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Guilderland Archives — The Altamont Enterprise, August 18, 2011

PSC investigates
Who is at fault for ruptured gas line?

By Anne Hayden

GUILDERLAND — A backhoe shovel ruptured a gas transmission line last week, but the reason for the mishap is still under investigation.

A construction crew was working on the New York State Thruway last Wednesday, Aug. 10, when a 12-inch, steel pipe carrying natural gas was struck and broken.

Following the rupture, which caused an exploding sound due to the release of pressurized gas, people living in homes along a portion of Schoolhouse Road, including in the Woodlake Apartment complex, were evacuated. Schoolhouse Road has an overpass above the portion of the Thruway where the pipe was damaged, which was between exits 23 and 24.

This week, though the pipe was repaired on Monday, the incident is under investigation by National Grid and the Public Service Commission, to determine whether the line was marked before the construction crew began working.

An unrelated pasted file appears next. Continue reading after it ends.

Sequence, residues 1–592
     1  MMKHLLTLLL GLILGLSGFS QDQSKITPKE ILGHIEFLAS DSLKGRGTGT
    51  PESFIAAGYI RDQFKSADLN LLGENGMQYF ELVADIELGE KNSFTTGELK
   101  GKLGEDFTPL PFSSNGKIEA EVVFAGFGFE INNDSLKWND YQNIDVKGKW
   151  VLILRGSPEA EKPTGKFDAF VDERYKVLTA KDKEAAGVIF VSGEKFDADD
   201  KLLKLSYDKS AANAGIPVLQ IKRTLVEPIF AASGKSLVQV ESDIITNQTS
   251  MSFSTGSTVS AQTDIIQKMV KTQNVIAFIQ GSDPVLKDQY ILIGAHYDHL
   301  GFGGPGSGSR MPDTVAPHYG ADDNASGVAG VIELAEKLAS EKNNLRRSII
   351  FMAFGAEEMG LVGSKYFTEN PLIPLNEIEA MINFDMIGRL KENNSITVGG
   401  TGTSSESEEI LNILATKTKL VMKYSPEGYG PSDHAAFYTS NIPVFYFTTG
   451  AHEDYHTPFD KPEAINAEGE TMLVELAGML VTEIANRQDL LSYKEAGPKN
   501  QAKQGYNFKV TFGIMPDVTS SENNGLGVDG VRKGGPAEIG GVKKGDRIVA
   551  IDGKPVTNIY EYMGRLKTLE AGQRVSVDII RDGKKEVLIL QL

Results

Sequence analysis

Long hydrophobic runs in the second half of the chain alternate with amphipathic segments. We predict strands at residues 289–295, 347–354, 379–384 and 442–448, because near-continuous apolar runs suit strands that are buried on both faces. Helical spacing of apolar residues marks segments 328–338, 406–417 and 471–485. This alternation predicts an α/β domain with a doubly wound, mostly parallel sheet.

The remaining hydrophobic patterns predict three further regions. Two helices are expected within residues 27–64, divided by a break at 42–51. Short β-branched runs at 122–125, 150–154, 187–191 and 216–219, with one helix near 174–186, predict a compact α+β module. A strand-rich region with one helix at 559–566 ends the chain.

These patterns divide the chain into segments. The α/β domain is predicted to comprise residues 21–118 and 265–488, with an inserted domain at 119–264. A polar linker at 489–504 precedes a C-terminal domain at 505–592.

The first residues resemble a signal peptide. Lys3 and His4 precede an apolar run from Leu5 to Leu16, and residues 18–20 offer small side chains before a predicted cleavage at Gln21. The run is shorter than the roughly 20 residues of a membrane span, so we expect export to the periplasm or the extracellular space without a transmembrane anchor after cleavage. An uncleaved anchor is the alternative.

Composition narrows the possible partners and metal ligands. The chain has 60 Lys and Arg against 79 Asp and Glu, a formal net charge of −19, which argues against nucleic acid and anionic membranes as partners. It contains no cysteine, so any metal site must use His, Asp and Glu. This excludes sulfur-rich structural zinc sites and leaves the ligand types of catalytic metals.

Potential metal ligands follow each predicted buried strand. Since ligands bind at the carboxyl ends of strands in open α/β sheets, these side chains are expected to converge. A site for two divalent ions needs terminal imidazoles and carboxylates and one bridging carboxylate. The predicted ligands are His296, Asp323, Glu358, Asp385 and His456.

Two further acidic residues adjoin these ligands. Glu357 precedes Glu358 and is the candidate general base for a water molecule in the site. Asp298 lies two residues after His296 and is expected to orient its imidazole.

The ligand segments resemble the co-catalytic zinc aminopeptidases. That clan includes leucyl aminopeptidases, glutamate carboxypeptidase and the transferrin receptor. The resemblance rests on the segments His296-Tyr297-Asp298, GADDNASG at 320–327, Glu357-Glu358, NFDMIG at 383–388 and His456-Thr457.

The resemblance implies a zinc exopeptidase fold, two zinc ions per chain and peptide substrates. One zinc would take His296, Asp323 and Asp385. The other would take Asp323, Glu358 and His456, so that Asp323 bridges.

“A contractor is supposed to call 811, a state hotline, before doing any digging — that is for individual residents, construction companies, anyone who is digging,” said Patrick Stella, a spokesman for National Grid. He said he couldn’t comment on last week’s incident in particular, since it is still under investigation, but he explained the proper procedure to The Enterprise.

There is a not-for-profit organization called Dig Safely New York, and when 811 is called and notified of a project, operators then notify utility companies in the area, which then go out and mark their underground lines.

If transmission lines are found, a utility company will send out a representative to supervise and help with the dig, said Stella. He explained that there are two different types of lines that carry natural gas — transmission lines and distribution lines. Transmission lines are larger, and carry a bulk amount of gas, and distribution lines are smaller, and carry gas to individual locations, such as houses.

If a transmission line is ruptured, it is more dangerous because of the high amount of gas, said Stella, but National Grid shut off the gas flow to that particular pipe after it broke, and, since it was in open air, the gas dissipated quickly.

“Nobody lost gas service during that time,” said Stella. He said he did not know whether the construction crew had requested that the line be marked before the project began.

“It would not be appropriate for the Thruway Authority to comment on this incident, which remains under investigation by the state Public Service Commission,” R. W. Groneman, a public information officer for the Thruway Authority told The Enterprise yesterday.

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